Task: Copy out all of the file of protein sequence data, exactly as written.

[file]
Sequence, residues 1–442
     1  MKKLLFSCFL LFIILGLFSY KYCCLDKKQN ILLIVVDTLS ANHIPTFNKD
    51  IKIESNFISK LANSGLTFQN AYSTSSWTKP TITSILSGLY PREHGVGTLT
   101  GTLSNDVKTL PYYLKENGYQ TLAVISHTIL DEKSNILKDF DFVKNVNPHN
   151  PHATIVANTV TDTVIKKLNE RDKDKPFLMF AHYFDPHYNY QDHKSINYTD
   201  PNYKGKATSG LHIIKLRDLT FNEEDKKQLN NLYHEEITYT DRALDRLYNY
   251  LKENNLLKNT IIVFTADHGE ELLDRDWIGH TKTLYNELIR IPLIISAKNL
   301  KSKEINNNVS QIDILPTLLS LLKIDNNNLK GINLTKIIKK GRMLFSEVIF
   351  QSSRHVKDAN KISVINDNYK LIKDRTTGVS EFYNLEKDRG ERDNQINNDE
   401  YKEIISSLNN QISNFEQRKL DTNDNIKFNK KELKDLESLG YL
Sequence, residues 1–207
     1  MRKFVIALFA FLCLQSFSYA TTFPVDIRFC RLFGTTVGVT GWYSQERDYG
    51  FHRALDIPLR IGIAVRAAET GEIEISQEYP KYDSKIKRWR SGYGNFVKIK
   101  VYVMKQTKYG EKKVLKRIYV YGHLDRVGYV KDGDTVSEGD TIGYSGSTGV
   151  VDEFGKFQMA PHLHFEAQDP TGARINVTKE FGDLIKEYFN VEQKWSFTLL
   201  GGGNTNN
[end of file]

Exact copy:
Sequence, residues 1–442
     1  MKKLLFSCFL LFIILGLFSY KYCCLDKKQN ILLIVVDTLS ANHIPTFNKD
    51  IKIESNFISK LANSGLTFQN AYSTSSWTKP TITSILSGLY PREHGVGTLT
   101  GTLSNDVKTL PYYLKENGYQ TLAVISHTIL DEKSNILKDF DFVKNVNPHN
   151  PHATIVANTV TDTVIKKLNE RDKDKPFLMF AHYFDPHYNY QDHKSINYTD
   201  PNYKGKATSG LHIIKLRDLT FNEEDKKQLN NLYHEEITYT DRALDRLYNY
   251  LKENNLLKNT IIVFTADHGE ELLDRDWIGH TKTLYNELIR IPLIISAKNL
   301  KSKEINNNVS QIDILPTLLS LLKIDNNNLK GINLTKIIKK GRMLFSEVIF
   351  QSSRHVKDAN KISVINDNYK LIKDRTTGVS EFYNLEKDRG ERDNQINNDE
   401  YKEIISSLNN QISNFEQRKL DTNDNIKFNK KELKDLESLG YL
Sequence, residues 1–207
     1  MRKFVIALFA FLCLQSFSYA TTFPVDIRFC RLFGTTVGVT GWYSQERDYG
    51  FHRALDIPLR IGIAVRAAET GEIEISQEYP KYDSKIKRWR SGYGNFVKIK
   101  VYVMKQTKYG EKKVLKRIYV YGHLDRVGYV KDGDTVSEGD TIGYSGSTGV
   151  VDEFGKFQMA PHLHFEAQDP TGARINVTKE FGDLIKEYFN VEQKWSFTLL
   201  GGGNTNN